Football Terms – American Football Conference
The AFC, also known as the American Football Conference, is one of the two conference in the National Football League (along with the NFC). It was created after the AFL (American Football League) merged with the NFL in 1970.
The AFC was initially made up of the 10 original AFL teams (Patriots, Bills, Oilers, Dolphins, Jets, Bengals, Chiefs, Broncos, Raiders and Chargers), plus the addition of the NFL’s Browns, Steelers and Colts franchises. Since then, two teams have left the AFC, and five expansion teams have been added to the fold.
There are currently 16 teams in the AFC, and the conference is divided into North, South, East and West divisions, with each division containing four teams. During the regular season, teams play the other members of their division twice (once at home and once on the road).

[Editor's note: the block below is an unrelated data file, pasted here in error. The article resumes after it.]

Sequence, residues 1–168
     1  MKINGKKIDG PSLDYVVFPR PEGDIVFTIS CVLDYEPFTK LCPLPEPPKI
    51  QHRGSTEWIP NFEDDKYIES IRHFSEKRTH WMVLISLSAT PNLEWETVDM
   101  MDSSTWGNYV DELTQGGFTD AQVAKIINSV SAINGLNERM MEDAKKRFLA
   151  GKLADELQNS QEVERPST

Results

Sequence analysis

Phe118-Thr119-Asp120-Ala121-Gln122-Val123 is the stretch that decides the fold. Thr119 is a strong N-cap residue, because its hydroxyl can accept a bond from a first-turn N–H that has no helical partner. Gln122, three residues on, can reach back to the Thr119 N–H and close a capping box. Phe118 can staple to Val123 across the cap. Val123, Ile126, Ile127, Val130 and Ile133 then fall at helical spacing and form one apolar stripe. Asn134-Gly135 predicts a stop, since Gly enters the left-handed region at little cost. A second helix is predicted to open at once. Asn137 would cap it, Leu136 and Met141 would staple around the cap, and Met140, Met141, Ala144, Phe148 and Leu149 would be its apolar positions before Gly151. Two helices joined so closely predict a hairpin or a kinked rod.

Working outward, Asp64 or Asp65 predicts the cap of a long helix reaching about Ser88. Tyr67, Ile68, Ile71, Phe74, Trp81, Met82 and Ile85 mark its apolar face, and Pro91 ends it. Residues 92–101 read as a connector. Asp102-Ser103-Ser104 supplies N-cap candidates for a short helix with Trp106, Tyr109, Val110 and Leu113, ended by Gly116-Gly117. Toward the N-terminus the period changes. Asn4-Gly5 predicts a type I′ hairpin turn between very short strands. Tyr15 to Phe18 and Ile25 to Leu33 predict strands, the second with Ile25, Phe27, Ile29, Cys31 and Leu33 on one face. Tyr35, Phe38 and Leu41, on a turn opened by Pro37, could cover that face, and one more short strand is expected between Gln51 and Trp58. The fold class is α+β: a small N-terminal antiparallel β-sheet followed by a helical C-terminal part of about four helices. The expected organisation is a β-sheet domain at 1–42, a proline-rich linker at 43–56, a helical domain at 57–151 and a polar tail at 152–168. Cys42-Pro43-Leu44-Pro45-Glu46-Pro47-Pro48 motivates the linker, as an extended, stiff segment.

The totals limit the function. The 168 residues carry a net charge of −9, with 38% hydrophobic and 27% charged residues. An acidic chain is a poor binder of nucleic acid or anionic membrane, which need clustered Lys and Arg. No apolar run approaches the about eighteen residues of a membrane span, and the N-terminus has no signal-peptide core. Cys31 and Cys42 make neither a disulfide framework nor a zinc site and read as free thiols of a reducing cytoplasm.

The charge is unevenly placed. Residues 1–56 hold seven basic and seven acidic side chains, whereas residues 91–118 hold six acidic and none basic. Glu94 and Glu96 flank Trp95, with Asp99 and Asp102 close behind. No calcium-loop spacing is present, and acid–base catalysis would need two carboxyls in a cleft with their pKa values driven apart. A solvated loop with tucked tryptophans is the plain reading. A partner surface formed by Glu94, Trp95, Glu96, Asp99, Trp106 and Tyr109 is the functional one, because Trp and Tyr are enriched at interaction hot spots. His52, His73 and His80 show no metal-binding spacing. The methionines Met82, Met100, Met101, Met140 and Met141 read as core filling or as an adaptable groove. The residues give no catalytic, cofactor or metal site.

Every season, 6 teams from the American Football Conference qualify for the NFL Playoffs. These six teams battle in a single-elimination tournament to see which team represents the AFC in the Super Bowl. To qualify, a team must either have the best record in its division or — if the team doesn’t win its division — have one of the two best records among non-division winners.
As of 2008, teams from the AFC have won 20 Super Bowls, while NFC teams have won 22. From Super Bowls XIX until XXXI, the AFC lost 13 straight league titles. Their fortunes have improved in recent years, however, as they have won eight of the last 11 Super Bowls.